I went deep on Muriel Box a while ago and I still have her two books staring at me in my physical to-read pile so I'm not sure why I didn't get to this except maybe I deliberately put it off til I was ready… just the colour thing, I was worried cos I had ripped it off a DVD n as I was reading about this gimmick I was like fuck I hope I didn't rip it in greyscale……
I was mad to find apparently this should've gone before Obi-Wan (I've been trying to watch them all in chronological order around it… incidentally might as well say here cos I'm not gonna log it separately: just… Leia hugs <3)I really forgot how much this one had going for it… Glover's Lando needs a series, Chewie?, Jon Favreau's character and Phoebe Waller-Bridges' droid which is still embarrassingly the only thing I've seen her as lol. Also John Powell's adaptation of the John Williams style is up there with John Ottman's H20 and Superman Returns. Wrote more last time
"Careful. It's new."
"If you're going to be good at living undercover, part of you has to believe."
The casual approach and stilted deliberate dialogue here is just so much more to where I always say I sort of felt like I parted ways with Cronenberg (after Crash but especially eXistenZ which I still feel refined that tone even further - and as much as I've subsequently warmed massively to History of Violence and Eastern Promises especially, his whole filmography…
[edit I'm upping this for now to at least a 4 cos god damn how it goes in the final act, I miss whatever the fuck this movie was doing in the early 00s]
It's mad enough how young Daryl Hannah is playing here and she gets away with it. I know we got her in Kill Bill but I feel like we were denied a lot of great performances she could've done this time. That said, this is one,…
Obviously watched this for Dominique n accordingly expected the worst even though it was 2004 but as soon as Hopper came on screen I was just gone. It's a hard 4. Nothing more need be said. I'll only come back if it gets crazy better lol. [edit: it kinda gets crazy better… this is way up there in the Dominique ranking… not enough to be a five but dang… still…]
"It's him. It's always and ever-fucking-lastingly him."
"Don't do that again. Don't touch my toes."
I'm mad at the title this has on here. It's aka Briar Patch, such a more poetic and light approach. I would've come in the same way anyway cos I was coming for Dominique Swain but I still feel like that title differentiation is gonna clearly either attract a different audience or inspire different expectations.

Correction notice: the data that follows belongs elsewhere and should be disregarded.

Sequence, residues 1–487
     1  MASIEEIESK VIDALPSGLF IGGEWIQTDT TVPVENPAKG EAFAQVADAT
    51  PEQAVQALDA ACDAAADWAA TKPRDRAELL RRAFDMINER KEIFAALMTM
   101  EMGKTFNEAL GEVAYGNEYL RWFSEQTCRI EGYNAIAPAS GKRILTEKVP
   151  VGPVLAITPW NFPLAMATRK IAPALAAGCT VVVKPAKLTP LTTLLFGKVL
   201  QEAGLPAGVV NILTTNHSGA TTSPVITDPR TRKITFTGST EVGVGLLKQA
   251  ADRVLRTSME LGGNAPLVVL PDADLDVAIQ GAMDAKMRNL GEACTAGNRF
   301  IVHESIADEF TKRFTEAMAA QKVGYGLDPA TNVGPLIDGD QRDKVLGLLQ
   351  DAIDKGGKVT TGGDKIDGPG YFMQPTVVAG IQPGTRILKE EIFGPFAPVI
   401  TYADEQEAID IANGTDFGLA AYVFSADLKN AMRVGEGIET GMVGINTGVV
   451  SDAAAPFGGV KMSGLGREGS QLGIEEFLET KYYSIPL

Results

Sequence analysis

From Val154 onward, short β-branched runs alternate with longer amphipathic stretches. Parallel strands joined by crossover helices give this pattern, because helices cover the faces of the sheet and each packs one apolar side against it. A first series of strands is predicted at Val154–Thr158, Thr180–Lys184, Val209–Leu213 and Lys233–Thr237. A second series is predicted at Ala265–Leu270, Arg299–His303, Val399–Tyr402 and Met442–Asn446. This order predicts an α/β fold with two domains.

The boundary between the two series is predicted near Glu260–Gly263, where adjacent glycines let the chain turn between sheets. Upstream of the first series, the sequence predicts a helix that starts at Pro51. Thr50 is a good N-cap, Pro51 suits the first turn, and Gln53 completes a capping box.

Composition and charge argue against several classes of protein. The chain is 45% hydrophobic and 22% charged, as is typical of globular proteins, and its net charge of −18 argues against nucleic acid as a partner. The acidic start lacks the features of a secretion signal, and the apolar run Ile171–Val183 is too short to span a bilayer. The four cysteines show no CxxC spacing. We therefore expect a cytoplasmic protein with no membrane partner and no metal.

On my level? Coming at it for Dominique? It's way…
"If I could just always believe in me."
"The balloon fiesta's gonna be a complete and total bust! I can't think of any more fund raising ideas! I can't ride Picasso in front of people! I can't do anything!"
There's a dinner scene in this that's almost on the level of the one in Before Midnight. It killed me on an ethereal level. I thought this was gonna be awful but consider me still on the American Girl train. This made me just as cosy as every one before it, the exact same vicarious devastating feeling. This made a beautiful mess of me.
I'm unreasonably hard on Jacques Demy cos Umbrellas of Cherbourg is so perfect to me, I know, but I have to start with that… but I more immediately liked this than I did the Young Girls of Rochefort at least. It's just as more difficult to connect to compared to Cherbourg, but the more I finally dive in and try to understand him beyond that frankly nostalgic and very personal fave for me at this point, it's a really great…
"Dee… do be careful, you're terribly attractive."
"Anne's… not married…"
"This is different."
"It's always different, isn't it? If my father could read the history of his daughters-"
"…and as they say to understand is to forgive… or is it… to understand is not to forgive? I can never remember."
(That awkward moment when your first thought is "wow this is set in the same place and a decade earlier than the Parker/Hulme murder, which wasn't long before…
"we both did wrong from the start but now it's our murder too… whatever happens I wanna share it with you… prison, death, hell, anything…"
It's hard to empathise with Anthony Perkins as a good guy so close to Psycho but this is stagey melodrama I can get behind, it had me at Elmer Bernstein doing the score. It feels too much like TV even for the time (even the image quality of whatever transfer the channel I watched it…
Even before the drama twist, I've actually never seen a movie like this, the love it has for the world it's about. I adore the early American Girl movies but always imagined the later ones were more blatantly cash-in. The fact that this one was so contemporary always put me off pursuing the series. But they were always staring me in the face unwatched. I'm really sorry it took me 10 years to get round to this. It broke me…
Probably my second fave Mel Brooks after Blazing Saddles this viewing around even though I saw it before I'm sure I didn't know how involved Hitchcock himself was in its production till reading Brooks' book recently… did you know that? Like he literally suggested a whole joke they had to abandon cos they didn't have the budget. Anyway he loved it so much he sent Brooks a case of ridiculously expensive wine. I love stories like this especially when they make me watch movies different. And as silly as this is it really has a sense of class you can't deny… it starts with Madeline Kahn…